Narrator: In the heart of Central Asia is an ancient land. For thousands of years it was the hub of the Silk Road. The crossroads of ideas and trade between east and west. A marching ground for powerful empires from Alexander the Great to Genghis Khan. Chinese pilgrim Xuan Zang described its fertile valleys and giant Buddha statues. Explorer Marco Polo wrote of a land rich with gold and gems. Of objects that tell of great civilisations and a kaleidoscope of people and cultures found here, in Afghanistan.
Over the past three decades, war and chaos have obscured Afghanistan's rich heritage, destroying an extraordinary cultural legacy.
Fredrik Hiebert: It's something that is really just terrible. If you feel that you've lost your culture, you've lost your heritage it's almost irreparable.
Narrator: Afghanistan's great national treasures were nearly lost, but for a few courageous Afghans, who risked their lives to safeguard one of the most important collections of the world's ancient history.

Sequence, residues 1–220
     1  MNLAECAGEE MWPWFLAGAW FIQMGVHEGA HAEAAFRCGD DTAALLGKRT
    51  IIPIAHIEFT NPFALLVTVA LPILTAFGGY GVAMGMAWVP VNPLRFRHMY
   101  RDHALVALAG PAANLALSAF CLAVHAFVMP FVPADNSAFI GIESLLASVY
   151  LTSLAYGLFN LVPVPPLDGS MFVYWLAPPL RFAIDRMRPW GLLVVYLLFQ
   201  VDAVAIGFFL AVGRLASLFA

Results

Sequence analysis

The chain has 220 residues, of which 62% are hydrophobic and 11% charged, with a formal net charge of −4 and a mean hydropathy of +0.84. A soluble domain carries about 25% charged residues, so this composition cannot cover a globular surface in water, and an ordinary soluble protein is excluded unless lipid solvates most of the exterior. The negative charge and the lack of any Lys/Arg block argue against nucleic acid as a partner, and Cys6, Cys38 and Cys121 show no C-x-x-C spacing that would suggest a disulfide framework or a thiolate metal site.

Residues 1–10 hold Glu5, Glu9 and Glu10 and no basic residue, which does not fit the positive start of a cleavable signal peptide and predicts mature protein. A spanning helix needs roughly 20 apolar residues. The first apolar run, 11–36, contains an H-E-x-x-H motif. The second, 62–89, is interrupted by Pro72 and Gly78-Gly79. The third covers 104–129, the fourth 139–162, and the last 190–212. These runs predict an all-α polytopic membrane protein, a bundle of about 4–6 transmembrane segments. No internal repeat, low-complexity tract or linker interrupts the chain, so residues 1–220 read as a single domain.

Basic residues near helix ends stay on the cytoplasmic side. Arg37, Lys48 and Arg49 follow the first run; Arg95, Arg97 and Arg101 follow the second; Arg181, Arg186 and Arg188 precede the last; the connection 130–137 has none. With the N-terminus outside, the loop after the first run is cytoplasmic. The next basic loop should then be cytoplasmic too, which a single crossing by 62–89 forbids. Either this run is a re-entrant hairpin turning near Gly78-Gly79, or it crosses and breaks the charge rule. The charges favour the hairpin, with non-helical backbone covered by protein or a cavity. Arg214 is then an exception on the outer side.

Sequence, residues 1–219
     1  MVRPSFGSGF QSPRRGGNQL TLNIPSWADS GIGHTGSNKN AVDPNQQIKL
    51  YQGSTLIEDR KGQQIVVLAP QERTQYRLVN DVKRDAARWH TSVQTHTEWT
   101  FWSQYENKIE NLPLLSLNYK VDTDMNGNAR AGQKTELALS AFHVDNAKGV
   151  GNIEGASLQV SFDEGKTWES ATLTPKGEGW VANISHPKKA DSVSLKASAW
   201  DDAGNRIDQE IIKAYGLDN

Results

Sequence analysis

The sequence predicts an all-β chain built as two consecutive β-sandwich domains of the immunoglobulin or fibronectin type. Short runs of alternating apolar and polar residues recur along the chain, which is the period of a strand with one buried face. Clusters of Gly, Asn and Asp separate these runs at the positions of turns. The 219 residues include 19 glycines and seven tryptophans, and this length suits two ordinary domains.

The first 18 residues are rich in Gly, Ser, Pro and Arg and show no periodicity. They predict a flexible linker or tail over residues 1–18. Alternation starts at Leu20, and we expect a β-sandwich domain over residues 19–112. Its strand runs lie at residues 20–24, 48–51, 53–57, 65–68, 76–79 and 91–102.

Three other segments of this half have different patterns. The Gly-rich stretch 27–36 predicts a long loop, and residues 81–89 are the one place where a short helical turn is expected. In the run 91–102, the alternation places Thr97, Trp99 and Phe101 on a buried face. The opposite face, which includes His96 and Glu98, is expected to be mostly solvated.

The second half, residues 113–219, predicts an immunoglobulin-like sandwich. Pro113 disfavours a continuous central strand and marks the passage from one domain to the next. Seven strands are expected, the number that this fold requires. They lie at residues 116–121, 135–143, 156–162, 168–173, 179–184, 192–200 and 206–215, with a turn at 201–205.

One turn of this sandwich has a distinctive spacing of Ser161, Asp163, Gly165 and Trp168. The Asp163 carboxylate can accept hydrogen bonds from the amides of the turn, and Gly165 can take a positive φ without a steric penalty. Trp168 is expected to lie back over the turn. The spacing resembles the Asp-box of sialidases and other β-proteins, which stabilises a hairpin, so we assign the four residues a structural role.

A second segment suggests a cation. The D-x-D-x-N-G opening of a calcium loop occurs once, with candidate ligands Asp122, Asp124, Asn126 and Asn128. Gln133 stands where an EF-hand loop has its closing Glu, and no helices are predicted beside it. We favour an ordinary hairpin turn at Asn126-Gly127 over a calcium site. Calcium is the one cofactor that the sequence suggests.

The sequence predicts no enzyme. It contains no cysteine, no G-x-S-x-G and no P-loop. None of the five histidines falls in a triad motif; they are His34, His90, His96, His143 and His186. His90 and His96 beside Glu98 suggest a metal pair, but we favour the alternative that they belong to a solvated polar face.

Omara Massoudi: A nation stays alive when its culture stays alive. Our people should know what happened. They should know about their culture, about their history.
Narrator: A history that is revealed in an unmissable exhibition: Afghanistan: Hidden Treasures from the National Museum, Kabul.
Following a successful tour across the United States and Europe. From March 2013, at Melbourne Museum, Queensland Museum, the Art Gallery of New South Wales and Western Australian Museum.